This afternoon one of the most spectacular races in the calendar begins close to the Arctic Circle.
Here’s your guide to the Arctic Race of Norway, with thanks to Eliot Lietaer of Team Sport Vlaanderen-Baloise, who’ll be lining up on the start line today.
What is the Arctic Race?
A fairly new addition to the race calendar, the Arctic Race was first held in 2013 as a category 2.1 UCI Europe Tour event. From 2015 the race was classified as 2.HC. Fittingly, the inaugural edition was won by the Norwegian Thor Hushovd. Hushovd continued to be involved with the event as an official race ambassador.
What’s the route like?
The route this year is made up of 4 stages, each designed to accommodate different styles of rider. This is a theme in the Arctic Race of Norway – to date we’ve seen overall victories going to a sprinter (Hushovd), climber (Kruijswijk), GC rider (Taaramaie) and Classics specialist (Moscon). Last year, Team Sky’s Moscon took home 500 kilograms of fish as well as the winners Blue & Orange Jersey!
The riders will cover a distance of 680km over the 4 stages of the race, cheered on from the roadside by enthusiastic fans, and cycling through some of the most spectacular scenery seen by the professional peloton. “Norway is a really nice country to race in” explains Eliot Lietaer of Sport Vlaanderen-Baloise, who is competing in his second Arctic Race. “The roads are really good, the hotels are nice – always good WiFi – and there are very friendly people cheering at the side of the road”.
The route this year is well suited to Lietaer’s style of racing, comprising one real climbers day, two for the sprinters – one a pure sprint day – and a rolling stage perfect for puncheurs, which includes some sharp climbs to test the legs.
“I’m really looking forward to the Arctic Race of Norway this year because it really suits me – three relatively flat stages and one mountain top finish where the GC will be decided and where I can show my real strength”.
Lietaer thrives in situations like this, and coming off the back of a great showing at the Vuelta a Burgos, don’t be surprised to see him mixing it at the sharp end. “I prefer stage races as I do very well at them. My recuperation is very good at the end of a stage race, and I’m still feeling strong and can go for a good result. The Tour de Wallonie and Vuelta a Burgos were my goals for the season as well as the Arctic Race – after that I’m only racing a few one day events. I hope to do well as I have ambitions to ride for a WorldTour team next year, so every race counts”.
What can we expect to see over the 4 days of racing?
Amazing scenery, Norwegian flags and some great racing!
“The style of racing is pretty similar to races in traditional cycling countries” explains Lietaer. One thing that will be different is the amazing backdrop. “I rode the Arctic Race of Norway once a few years ago, and it was a really nice experience, as we finished one stage at a place called ‘The End of the World’ – the North Cape. It’s always nice to finish at spectacular places like this.”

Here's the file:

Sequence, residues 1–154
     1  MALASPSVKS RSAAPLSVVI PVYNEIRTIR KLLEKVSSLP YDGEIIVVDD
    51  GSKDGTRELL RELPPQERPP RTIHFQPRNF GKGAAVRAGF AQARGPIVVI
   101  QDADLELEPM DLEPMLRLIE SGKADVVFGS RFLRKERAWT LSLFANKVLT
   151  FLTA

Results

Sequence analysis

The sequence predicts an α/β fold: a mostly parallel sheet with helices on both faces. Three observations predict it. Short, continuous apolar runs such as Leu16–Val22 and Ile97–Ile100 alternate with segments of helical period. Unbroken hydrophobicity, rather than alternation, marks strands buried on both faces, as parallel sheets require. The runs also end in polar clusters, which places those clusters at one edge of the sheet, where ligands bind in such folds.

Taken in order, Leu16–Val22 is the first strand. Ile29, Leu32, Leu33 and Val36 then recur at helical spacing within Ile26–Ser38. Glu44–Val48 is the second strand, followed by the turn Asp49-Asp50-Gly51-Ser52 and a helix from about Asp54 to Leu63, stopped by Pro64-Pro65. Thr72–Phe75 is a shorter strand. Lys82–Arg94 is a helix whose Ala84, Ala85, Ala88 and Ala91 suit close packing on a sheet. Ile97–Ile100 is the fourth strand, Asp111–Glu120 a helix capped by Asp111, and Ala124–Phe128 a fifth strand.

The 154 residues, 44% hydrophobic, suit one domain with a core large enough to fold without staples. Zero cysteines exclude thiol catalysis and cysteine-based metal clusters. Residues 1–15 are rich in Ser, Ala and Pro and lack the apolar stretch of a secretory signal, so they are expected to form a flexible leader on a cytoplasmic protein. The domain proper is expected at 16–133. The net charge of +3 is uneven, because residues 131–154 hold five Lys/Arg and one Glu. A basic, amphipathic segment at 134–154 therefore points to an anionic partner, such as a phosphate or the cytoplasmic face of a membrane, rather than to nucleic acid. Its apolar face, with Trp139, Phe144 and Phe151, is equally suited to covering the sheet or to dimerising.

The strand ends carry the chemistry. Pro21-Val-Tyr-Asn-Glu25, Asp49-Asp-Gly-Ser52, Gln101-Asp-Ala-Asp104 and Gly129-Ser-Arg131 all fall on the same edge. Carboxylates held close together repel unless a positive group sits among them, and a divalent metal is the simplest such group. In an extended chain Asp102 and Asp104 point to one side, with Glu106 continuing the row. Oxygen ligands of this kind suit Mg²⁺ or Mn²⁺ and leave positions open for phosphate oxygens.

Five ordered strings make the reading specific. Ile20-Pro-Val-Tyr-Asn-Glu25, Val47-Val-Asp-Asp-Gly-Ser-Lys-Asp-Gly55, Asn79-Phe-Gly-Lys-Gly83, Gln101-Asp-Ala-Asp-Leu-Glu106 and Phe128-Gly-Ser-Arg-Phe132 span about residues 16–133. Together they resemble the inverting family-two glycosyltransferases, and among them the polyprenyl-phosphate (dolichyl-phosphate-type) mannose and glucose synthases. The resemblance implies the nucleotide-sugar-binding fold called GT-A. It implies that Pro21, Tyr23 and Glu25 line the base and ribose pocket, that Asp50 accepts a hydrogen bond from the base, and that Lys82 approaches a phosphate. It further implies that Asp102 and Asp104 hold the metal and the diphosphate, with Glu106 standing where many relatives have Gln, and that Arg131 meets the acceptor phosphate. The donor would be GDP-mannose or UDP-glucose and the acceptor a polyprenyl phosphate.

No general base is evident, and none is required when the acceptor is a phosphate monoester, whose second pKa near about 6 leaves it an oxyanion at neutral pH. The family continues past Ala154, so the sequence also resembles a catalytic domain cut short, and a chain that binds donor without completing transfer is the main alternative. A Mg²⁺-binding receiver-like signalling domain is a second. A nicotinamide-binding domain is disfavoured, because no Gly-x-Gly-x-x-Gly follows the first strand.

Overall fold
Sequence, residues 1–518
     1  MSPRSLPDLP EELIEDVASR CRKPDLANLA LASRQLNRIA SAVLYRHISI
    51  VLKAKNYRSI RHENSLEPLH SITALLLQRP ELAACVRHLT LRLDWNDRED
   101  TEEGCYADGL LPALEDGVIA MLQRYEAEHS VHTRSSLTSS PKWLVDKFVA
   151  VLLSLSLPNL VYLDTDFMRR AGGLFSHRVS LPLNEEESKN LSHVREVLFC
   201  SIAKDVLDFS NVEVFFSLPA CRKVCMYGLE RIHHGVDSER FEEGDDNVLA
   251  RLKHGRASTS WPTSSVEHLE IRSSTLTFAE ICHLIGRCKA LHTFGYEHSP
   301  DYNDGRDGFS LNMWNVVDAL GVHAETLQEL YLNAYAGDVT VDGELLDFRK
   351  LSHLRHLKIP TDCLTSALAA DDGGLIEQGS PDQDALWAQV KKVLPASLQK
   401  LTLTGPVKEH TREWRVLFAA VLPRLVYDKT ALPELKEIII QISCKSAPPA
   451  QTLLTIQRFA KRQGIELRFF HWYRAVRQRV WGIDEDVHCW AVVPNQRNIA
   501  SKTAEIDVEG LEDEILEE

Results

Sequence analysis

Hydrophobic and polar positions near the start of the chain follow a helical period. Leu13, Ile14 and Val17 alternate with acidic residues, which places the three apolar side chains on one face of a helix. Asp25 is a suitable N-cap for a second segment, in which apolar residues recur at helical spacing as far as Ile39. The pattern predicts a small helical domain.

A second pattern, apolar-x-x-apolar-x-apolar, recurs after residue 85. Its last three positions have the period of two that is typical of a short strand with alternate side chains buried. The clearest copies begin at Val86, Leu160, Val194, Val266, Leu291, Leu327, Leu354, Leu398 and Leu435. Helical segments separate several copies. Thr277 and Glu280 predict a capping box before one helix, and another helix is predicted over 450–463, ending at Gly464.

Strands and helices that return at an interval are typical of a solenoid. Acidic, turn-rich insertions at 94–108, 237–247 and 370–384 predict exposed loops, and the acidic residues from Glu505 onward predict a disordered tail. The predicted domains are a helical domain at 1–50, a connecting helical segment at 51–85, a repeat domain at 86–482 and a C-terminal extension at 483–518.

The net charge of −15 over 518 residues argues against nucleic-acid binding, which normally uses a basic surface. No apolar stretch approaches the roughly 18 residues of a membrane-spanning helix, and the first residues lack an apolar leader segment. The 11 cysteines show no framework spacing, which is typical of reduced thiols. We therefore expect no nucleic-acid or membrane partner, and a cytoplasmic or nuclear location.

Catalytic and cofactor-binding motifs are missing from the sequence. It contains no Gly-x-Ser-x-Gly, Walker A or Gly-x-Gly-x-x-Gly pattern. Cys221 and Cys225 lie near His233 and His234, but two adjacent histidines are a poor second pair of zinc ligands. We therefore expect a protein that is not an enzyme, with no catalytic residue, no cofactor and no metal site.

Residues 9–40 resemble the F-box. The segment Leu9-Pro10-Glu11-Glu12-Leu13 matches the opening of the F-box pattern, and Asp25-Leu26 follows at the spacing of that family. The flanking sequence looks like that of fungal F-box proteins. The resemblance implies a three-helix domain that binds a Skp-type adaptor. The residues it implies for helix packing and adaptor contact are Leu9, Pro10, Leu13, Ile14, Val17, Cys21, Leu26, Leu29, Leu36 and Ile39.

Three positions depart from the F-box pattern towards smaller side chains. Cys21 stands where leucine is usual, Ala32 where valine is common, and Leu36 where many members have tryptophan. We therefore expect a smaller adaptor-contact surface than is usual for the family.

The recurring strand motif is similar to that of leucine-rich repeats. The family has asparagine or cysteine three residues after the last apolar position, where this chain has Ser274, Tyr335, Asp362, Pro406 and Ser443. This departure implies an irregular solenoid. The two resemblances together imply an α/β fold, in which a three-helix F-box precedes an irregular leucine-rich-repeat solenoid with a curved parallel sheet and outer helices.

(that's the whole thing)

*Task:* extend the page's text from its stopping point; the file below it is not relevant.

Day one sees the riders starting the race on the island of Andorja, and utilises a finishing circuit last seen in the 2015 edition of the race. 5km before the finish line, the riders will reach the summit of the Skistua climb, which covers 2.3km at an average of 6.6% gradient. The pure sprinters will be eyeing up day two, which starts at Sjovegan and uniquely finishes on the runway of the airport at Bardufoss.
Stage three is the day for the climbers, with the route heading into the spectacular Lyngen Alps for a summit finish in Finnvikdalen, after 4km of climbing with a 5.5% average gradient.
The forth and final stage starts and finishes in the Norwegian city of Tromso, encircling the settlement with a loop of 118km before tackling three laps of a 13km finishing circuit – including some pretty punchy climbs to ignite the GC competition.
The Arctic Race of Norway has a bit of a cult following, and its position in the race calendar makes it an attractive prospect before the Vuelta. Fresh from victory at the Tour of Poland, BMC’s Dylan Teuns is confident he’ll be able to perform well. Teams at the Arctic Race are made up of 6 riders, with some, like Dimension Data, choosing to take one or two stagiaires to increase their race experience.
WorldTour teams Dimension Data, Astana, Sunweb, Katusha-Alpecin and Teuns’ BMC will be on the start line, and there’ll be a strong local contingent with a number of Norwegian teams taking part.
“There are a lot of Norwegian teams competing with a lot of talented guys who are really motivated” explains Lietaer.
What are the prizes on offer?
The race leader will wear the Blue & Orange Jersey, with a Green Jersey on offer for the Points Classification, and the so-called ‘Salmon’ Jersey (a sort of orange colour) for the King of the Mountains. Prizes are also rewarded to the ‘Most Active Rider’ of the day, and to the best placed team on GC.
Who’s going to win?
Newly crowned European champion Alexander Kristoff will want to continue the winning streak he started at London-Surrey – especially on home turf. Dylan Teuns of BMC is the Freewheeling pick for the GC however, and don’t count out Rein Taaramäe, the overall winner here in 2015.
When can I watch it?
Eurosport 1 will show live coverage from 4-5pm BST. This footage will be repeated on E2 at 7pm.